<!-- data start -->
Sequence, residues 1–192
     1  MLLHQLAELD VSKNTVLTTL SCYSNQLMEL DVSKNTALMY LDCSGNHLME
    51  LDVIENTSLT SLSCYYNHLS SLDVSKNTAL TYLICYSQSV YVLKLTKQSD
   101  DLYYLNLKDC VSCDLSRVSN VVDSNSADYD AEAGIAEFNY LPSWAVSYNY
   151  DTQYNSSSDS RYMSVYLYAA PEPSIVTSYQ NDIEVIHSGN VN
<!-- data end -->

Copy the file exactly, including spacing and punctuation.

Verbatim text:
Sequence, residues 1–192
     1  MLLHQLAELD VSKNTVLTTL SCYSNQLMEL DVSKNTALMY LDCSGNHLME
    51  LDVIENTSLT SLSCYYNHLS SLDVSKNTAL TYLICYSQSV YVLKLTKQSD
   101  DLYYLNLKDC VSCDLSRVSN VVDSNSADYD AEAGIAEFNY LPSWAVSYNY
   151  DTQYNSSSDS RYMSVYLYAA PEPSIVTSYQ NDIEVIHSGN VN